Gentle Discipline for Babies and Toddlers

Life seems like one big science experiment for curious little ones -- but you can't always let them poke, prod, and pour. Here's how to keep them out of trouble.

When and How to Set Limits

A newborn is so helpless and innocent that caring for him is an awesome task. He may scream at the top of his lungs, spit up on your brand-new sweater, or wake you at 3:30 in the morning, but you can't really blame him. However, as the months pass and your baby is suddenly into everything -- splashing in the dog's water bowl, grabbing a pen from your purse, popping a penny from under the sofa into his mouth -- you realize that you shouldn't let him get away with everything.

Of course, you can't send him to his room or dock his allowance. But you don't want to spend all day scolding him either. In fact, saying "no" too often could actually curb his natural curiosity. "A very young child tends to overgeneralize when he hears the word no," says K. Mark Sossin, PhD, professor of psychology at Pace University, in New York City. "Even though you want him to stop doing one particular thing, he might assume that playing or being spontaneous in general is bad."

It's helpful to remember that most "misbehavior" at this age -- from dumping a glass of water on the floor to digging up houseplants -- is about experimenting and seeking independence, which are crucial parts of your child's development. "Although toddlers can sometimes be intentionally naughty, they often don't know right from wrong," says Parents advisor Ari Brown, MD, author of Toddler 411. As parents, it's our job to teach them. Discipline means having realistic expectations for your child's behavior -- and being willing to set gentle, consistent limits when you need to. Here are seven strategies to help keep your baby or toddler out of trouble without squelching his enthusiasm for exploration.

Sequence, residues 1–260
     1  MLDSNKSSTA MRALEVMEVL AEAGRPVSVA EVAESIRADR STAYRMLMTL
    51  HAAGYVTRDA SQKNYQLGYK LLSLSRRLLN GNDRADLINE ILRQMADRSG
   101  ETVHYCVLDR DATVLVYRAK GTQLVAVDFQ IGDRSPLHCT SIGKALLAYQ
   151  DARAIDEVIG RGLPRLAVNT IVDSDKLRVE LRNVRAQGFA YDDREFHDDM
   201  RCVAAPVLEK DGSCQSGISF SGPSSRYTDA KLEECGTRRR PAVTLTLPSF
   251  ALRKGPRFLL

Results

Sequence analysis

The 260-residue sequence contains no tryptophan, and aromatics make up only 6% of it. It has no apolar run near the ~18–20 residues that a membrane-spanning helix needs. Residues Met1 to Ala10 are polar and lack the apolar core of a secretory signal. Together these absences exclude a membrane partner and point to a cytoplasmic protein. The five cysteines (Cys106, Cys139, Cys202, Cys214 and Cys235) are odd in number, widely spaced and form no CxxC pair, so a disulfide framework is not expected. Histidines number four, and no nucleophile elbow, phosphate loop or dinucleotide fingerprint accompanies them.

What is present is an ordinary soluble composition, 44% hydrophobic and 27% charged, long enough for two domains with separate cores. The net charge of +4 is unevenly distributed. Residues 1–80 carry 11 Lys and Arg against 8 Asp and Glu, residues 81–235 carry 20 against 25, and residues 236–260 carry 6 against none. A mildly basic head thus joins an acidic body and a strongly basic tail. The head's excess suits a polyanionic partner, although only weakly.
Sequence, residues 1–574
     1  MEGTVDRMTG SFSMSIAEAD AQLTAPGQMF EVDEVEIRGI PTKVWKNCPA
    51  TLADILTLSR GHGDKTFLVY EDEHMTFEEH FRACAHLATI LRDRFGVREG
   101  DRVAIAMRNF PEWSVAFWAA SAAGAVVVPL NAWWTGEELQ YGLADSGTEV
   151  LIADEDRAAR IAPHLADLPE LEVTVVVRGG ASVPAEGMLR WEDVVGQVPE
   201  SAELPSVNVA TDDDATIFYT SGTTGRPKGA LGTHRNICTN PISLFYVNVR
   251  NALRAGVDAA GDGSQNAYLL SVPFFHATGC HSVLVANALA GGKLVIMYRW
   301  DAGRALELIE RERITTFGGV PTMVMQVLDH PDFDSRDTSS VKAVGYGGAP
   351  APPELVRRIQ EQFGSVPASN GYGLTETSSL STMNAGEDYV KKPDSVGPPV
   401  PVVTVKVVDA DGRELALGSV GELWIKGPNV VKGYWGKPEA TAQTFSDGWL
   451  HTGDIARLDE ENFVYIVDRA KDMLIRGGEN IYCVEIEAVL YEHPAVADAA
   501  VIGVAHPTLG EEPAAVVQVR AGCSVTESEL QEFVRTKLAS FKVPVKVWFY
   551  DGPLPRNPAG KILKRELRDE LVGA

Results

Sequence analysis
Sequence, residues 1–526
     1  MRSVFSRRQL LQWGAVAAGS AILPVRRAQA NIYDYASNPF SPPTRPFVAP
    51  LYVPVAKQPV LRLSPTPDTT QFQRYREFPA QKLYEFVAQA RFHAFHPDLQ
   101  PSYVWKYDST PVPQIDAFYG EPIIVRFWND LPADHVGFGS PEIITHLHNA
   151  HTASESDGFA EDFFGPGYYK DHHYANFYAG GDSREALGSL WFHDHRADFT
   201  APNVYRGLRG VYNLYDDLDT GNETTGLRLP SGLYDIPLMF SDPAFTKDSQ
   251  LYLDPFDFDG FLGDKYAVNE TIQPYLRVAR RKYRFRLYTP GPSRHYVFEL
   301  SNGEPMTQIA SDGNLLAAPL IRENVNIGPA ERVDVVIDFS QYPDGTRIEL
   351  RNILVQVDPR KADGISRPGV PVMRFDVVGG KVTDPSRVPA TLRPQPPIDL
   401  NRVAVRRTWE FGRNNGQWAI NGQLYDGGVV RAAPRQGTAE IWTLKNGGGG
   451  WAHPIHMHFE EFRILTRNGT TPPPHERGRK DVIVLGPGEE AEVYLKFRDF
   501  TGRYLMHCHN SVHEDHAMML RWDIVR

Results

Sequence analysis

Stop It Before It Starts

Avoid Temptation

When your baby starts crawling, you know it's time to put covers on your electrical outlets and store crystal vases in a high cupboard. That makes sense for safety reasons, but it'll also give him freedom to play. "A young child doesn't need to have the run of the whole house, but if you make sure that one or two rooms are completely babyproofed, you won't have to say no as often," says Sylvia Rimm, PhD, clinical professor of psychiatry and pediatrics at the Case Western Reserve University School of Medicine, in Cleveland. Over time, you'll have to put even more things out of reach -- even things you'd never expect. Amy Caruso, of Cincinnati, had to put her cat's food up on the counter when her daughter, Isabella, turned 13 months. "It had never occurred to me that cat food would be appealing, but she kept getting into it, and it was simpler to just move it than to keep telling her it was yucky," she says.

Change Gears

Because young children usually have a short attention span, it's easy to distract them. If your child insists on ripping up the newspaper, get her psyched to play with a favorite toy instead -- or go to the mailbox together to mail a letter. "My boys love to bang on the television, so when I see one of them moving in that direction, I'll say something like, 'Where's your brother?' and it usually makes them forget what they were doing," says Kathryn Kaycoff Manos, mother of identical twin toddlers in Encino, California.

Focus on Sleep

Overtired toddlers are much harder to handle. "In my experience, fatigue is the number-one cause of misbehavior," says Will Wilkoff, MD, author of How to Say No to Your Toddler. "It's normal for a toddler to throw a tantrum to test the limits now and then, but if he's consistently difficult, he's probably sleep-deprived." Kids this age need 10 1/2 to 12 1/2 hours at night plus one to three hours of daytime napping. If your child isn't getting enough, make his bedtime earlier.

Look the Other Way

Most children crave their parents' attention so much that they're willing to do anything -- even something naughty -- to get it. "If you notice that your toddler starts screaming every time you get on the phone but there's nothing wrong when you check on him, your best bet is to just ignore him," says Dr. Brown. "Giving him attention -- or even getting angry -- will only reinforce his behavior." (Of course, you should always squelch behavior that could be dangerous.) When you're ignoring your child, don't even make eye contact. "You might be tempted to glare at him sternly, but don't," says Dr. Wilkoff. "Glaring is essentially the same thing as saying, 'Be quiet' and that's giving him a form of attention." If you're talking on the phone a lot, however, it's unreasonable to expect your toddler to play quietly. Try to save less urgent calls for naptime.